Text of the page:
9. As an expression of the organic vitality of the Body of Christ, reception belongs at the centre of the Church's life.'

These nine principles are themselves an elucidation not only of aspects of ecumenical ecclesiology as it has been developing over the years, but also of the Church of England's own commitments in the Episcopal Ministry Act of Synod (1993). Here we read, for instance: 3. The General Synod regards it as desirable that: a) all concerned should endeavour to ensure that i) discernment of the Tightness or otherwise of the decision to ordain women to the priesthood should be as open a process as possible; ii) the highest possible degree of communion should be maintained within each diocese; and iii) the integrity of differing beliefs and positions concerning the ordination of women to the priesthood should be mutually recognised and respected.

In the consequent House of Bishops document, Bonds of Peace, we read that ' now to be seen with a much broader and longer process of discernment within the whole Church under the Spirits guidance' and that all positions are legitimate 'while the whole Church seeks to come to a common mind.' After all, the Church of England is 'a communion in dialogue, committed to remaining together in the ongoing process of the discernment of truth within the wider fellowship of the Christian Church' and must be open and in communion insofar as possible 'as we strive to be open to the insights of the wider Christian community.'

It is against this complex doctrinal background that Dr Williams' refutation of the newspapers' spin must be viewed. If anything, an objective observer - and here is a matter where an objective observer must be particularly hard to encounter or even envisage - might think that, far from undermining women's ministry, it is the position of traditionalists that the Archbishop was selling short.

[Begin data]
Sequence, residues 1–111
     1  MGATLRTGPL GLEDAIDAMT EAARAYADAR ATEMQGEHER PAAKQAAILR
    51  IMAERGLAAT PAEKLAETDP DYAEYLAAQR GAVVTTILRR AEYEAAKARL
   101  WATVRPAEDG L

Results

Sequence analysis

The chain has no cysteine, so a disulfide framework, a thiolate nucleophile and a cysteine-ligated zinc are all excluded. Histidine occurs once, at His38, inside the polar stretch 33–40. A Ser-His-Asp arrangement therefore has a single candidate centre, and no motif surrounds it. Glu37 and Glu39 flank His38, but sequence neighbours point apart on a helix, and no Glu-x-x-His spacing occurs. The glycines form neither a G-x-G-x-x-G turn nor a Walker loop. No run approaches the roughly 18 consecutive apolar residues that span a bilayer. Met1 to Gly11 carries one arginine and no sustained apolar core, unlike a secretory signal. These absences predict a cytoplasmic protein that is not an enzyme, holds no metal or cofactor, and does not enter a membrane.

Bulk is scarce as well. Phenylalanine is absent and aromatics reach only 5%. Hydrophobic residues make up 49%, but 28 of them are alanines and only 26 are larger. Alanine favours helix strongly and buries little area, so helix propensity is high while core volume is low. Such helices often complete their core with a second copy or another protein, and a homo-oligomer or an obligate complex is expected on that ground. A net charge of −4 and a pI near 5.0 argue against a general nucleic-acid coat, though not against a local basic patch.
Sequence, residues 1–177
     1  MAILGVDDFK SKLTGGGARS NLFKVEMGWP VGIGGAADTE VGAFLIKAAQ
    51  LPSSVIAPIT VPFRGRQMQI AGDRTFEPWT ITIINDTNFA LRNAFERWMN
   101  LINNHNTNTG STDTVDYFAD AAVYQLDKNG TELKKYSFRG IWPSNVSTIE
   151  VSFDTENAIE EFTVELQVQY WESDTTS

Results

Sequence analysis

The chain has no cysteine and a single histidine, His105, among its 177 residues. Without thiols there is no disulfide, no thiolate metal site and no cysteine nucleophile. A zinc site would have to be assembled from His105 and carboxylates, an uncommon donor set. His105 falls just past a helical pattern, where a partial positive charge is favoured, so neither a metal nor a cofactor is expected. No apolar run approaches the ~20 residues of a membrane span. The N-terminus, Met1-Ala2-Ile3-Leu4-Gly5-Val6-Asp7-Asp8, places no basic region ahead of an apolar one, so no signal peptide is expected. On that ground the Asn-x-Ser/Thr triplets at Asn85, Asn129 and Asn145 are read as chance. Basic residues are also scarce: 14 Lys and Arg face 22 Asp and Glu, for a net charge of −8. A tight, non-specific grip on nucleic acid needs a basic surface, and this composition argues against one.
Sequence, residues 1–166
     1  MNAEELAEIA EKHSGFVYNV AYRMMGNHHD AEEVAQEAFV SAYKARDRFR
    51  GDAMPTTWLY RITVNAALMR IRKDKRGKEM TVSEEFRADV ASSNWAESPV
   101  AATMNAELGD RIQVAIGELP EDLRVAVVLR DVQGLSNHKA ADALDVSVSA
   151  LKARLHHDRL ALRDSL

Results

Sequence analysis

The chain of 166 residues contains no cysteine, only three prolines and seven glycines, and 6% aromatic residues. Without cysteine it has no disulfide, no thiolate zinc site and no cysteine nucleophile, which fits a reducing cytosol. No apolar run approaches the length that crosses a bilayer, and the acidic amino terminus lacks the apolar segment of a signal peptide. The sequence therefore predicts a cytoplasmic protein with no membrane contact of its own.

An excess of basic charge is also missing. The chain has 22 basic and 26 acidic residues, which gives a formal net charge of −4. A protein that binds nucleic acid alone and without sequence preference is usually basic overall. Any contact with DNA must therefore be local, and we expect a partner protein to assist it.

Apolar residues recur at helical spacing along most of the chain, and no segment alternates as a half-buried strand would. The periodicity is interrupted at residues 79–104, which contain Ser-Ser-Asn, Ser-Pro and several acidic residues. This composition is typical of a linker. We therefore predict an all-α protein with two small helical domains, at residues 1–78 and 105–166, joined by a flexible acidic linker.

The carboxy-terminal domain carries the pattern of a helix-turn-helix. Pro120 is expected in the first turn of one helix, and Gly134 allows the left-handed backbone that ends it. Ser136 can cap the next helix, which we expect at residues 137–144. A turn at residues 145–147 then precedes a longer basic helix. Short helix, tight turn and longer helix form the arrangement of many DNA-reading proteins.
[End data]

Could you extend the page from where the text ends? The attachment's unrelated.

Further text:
'I made it clear in the interview with the Catholic Herald and will continue to do so,' he said, 'that I see no theological justification for any revisiting of this question and indicated in the interview three times that I had no wish to reopen it, whatever technical possibilities might theoretically exist.'

To be fair to the Archbishop, nothing less than an emphatic statement of this kind would have done the trick. He was being portrayed as rethinking his position on women priests and bishops. This is clearly not the case. To be fair to the traditionalists, there are a number of theological justifications for revisiting the question of women's ordination, even if, theologically, the revisiting leads to no different conclusions.

One theological justification might be the sheer weight of Scripture and Tradition. (Neither of these supports a developed and 'received' priestly and episcopal ministry of ordained women, though both, in my view, would support the revival of a female diaconal ministry in the ancient churches.)

Another might be the ecumenical dimension, the teaching of the Catholic Church and the Orthodox Churches, as well as the teaching of many of the most vigorous evangelical ecclesial communities. (The ecumenical argument, contrary to what is sometimes alleged, is, of course, itself a theological argument.)

A third might arise from the more profound study of anthropology that everyone routinely says is still necessary. (Such a study, say liberals, would confirm the emancipation of women for ordained ministry. Such a study, say traditionalists, would realize how trivial the understanding modernity has of the complementarity of the sexes.)

A fourth might be that, over a period of time, women's priestly and episcopal ministry is not 'received' into the mainstream of the Church. (The unlikeliness of this eventuality does not rule it out.)

What the Archbishop's remarks do confirm is that, whatever the theological justification or the technical possibilities, the Anglican Communion is unlikely to discontinue ordaining women to the priesthood and episcopate. More than that, the Communion will have to struggle if it is to maintain those who do not accept such ordinations as Catholic and apostolic in its midst.

There is a question of whether it would be healthy to maintain dissent on such a fundamental matter within the ranks. It seems to me that there are two answers and that the Church of England, at least, has so far picked the wrong one. The right answer is that it would not be healthy to maintain dissent on the matter of who is and who is not properly and rightly ordained.